Simply let the company know that, after reviewing all of the materials and learning more about the job role in your interview, you've decided that it's not the best career move for you at this time.
4. When the employer isn't offering you the title you want and you already asked.
If the employer isn't offering you the title you want (perhaps because, with that title comes a higher salary, according to industry standards), it's likely that you may want to decline the job offer. The employer will likely understand that if you're leaving one company to assume the same position at another, a lateral move might not make the most sense for your career.
Let the company know that the lateral move isn't the wisest move for your career at the time, but that you're interested in keeping touch in the future in case a position with the title you're seeking does crop up.
5. When you want the job, but external circumstances mean that you can't accept it.
Sometimes you want the job, but life happens and you can't accept it. Perhaps a family member falls ill. Your partner gets a new job
in a new city and you decide to move there together. You get pregnant and decide to focus on your family or seek out a different job with better parental leave policies and flexibility. You get sick yourself and have to take a long leave from work.
Sample email to decline a job offer.
I really appreciate your offer to join [Company] as [Title]. Unfortunately, I am declining due to [reason from the list above or another].
Again, thank you for your offer.
add a short email that provides a general outline for how to decline a job offer via email. Leave space for people to add context based on the situations described in the prior section of content
When should you have to decline a job interview?
There are tons of reasons that people cancel job interviews before even receiving a job offer. Perhaps they're confident that the job offer wouldn't be appealing to them if they did receive it, or perhaps something came up that they're no longer able to interview for the company.
Life happens. Here are a few scenarios when you should cancel an interview
before even getting the chance to decline any potential job offers.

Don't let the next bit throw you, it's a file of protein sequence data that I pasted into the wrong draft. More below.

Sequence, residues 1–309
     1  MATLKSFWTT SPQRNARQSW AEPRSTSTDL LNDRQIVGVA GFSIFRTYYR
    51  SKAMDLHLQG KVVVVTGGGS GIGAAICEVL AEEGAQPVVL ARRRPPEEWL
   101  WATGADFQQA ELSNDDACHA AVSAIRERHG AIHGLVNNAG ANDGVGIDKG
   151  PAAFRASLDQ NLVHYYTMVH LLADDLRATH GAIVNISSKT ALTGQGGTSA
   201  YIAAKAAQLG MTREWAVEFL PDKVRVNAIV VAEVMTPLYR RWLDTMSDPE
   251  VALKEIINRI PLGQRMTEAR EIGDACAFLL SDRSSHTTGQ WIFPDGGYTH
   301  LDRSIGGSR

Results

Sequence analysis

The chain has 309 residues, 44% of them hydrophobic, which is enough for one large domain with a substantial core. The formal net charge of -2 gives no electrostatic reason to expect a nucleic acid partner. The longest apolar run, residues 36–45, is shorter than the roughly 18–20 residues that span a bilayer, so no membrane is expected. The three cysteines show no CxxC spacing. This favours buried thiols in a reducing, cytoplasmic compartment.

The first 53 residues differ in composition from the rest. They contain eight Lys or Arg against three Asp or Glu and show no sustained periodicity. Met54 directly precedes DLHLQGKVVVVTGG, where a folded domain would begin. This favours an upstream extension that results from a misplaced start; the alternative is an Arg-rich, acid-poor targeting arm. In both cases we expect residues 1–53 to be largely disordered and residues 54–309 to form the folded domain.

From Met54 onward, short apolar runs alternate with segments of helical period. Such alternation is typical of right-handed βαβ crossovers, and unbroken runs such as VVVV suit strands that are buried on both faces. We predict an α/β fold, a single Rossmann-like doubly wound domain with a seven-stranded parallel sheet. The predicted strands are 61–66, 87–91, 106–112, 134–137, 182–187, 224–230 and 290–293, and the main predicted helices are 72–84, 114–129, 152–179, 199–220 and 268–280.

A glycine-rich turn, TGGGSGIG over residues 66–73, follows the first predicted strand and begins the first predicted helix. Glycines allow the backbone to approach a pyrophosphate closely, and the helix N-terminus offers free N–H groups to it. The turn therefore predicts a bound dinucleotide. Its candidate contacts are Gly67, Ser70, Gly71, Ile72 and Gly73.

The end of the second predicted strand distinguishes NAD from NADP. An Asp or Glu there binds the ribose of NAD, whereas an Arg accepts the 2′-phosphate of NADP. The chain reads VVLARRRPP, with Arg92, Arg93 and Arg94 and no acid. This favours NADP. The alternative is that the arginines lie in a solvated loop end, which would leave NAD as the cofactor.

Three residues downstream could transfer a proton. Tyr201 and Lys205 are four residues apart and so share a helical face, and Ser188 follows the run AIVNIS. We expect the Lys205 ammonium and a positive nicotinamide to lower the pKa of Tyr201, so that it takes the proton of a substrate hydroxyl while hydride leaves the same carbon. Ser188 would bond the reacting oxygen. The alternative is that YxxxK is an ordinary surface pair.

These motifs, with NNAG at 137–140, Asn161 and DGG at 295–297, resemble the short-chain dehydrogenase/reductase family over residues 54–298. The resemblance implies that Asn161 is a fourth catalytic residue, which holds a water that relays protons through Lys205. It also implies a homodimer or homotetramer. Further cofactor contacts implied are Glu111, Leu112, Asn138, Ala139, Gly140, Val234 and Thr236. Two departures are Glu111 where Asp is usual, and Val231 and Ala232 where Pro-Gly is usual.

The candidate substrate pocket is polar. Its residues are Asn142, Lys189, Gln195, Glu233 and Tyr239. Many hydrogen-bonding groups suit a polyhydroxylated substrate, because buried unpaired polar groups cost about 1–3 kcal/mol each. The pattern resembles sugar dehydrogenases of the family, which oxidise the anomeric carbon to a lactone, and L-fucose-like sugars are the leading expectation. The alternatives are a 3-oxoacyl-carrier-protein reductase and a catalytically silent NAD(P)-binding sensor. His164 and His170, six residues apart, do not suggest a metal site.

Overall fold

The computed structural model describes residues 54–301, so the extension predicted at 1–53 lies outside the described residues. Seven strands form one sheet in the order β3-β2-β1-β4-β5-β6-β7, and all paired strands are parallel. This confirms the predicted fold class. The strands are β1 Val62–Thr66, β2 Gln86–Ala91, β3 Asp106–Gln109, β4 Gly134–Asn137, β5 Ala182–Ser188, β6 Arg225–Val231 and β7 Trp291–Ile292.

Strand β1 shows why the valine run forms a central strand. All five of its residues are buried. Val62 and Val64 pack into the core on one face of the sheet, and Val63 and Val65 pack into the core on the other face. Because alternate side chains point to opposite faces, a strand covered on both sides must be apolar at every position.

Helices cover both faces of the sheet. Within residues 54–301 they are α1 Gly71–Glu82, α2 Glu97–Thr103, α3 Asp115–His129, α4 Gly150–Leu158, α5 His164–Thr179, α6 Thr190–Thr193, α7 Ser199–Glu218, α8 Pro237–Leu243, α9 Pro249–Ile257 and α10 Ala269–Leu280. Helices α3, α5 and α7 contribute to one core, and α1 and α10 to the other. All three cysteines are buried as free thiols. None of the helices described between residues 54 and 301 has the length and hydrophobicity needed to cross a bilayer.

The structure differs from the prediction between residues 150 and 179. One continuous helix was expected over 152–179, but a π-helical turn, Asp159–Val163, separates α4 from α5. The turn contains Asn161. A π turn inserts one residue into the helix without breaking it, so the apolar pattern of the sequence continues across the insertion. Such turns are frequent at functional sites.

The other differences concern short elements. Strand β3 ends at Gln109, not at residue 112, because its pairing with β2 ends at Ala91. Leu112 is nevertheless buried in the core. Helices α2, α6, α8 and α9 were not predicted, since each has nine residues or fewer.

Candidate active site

- You have a better job offer elsewhere.
- You found out that the company doesn't align with your values, or you don't align with the company's values. So the job doesn't seem so fitting anymore.
- You can't afford to make the career move, albeit because of the commute or a pay cut.
- You have other obligations you've decided to prioritize like a family or another passion.
- You just changed your mind and don't want the job anymore.
How do you decline a job interview?
You can decline an interview in a few ways. If you've decided to cancel your job interview, be sure to follow some steps to keep it as professional as possible.
- Let your interviewer know as soon as you can.
- Be brief about your reason; you shouldn't overshare.
- Don't spread anything negative about the company that could burn bridges and spoil any future opportunities.
For more on how to politely decline an interview, check out Fairygodboss' ultimate guide here
Whatever the case, declining a job offer for a job you really want isn't easy. Be sure to let the company know about your circumstances without sharing too many personal details. This way, they're aware that you do indeed want the job but that you cannot take it at this time. This way you can leave the door open for future opportunities.
AnnaMarie Houlis is a feminist, a freelance journalist and an adventure aficionado with an affinity for impulsive solo travel. She spends her days writing about women’s empowerment from around the world. You can follow her work on her blog, HerReport.org, and follow her journeys on Instagram @her_report, Twitter @herreport and Facebook.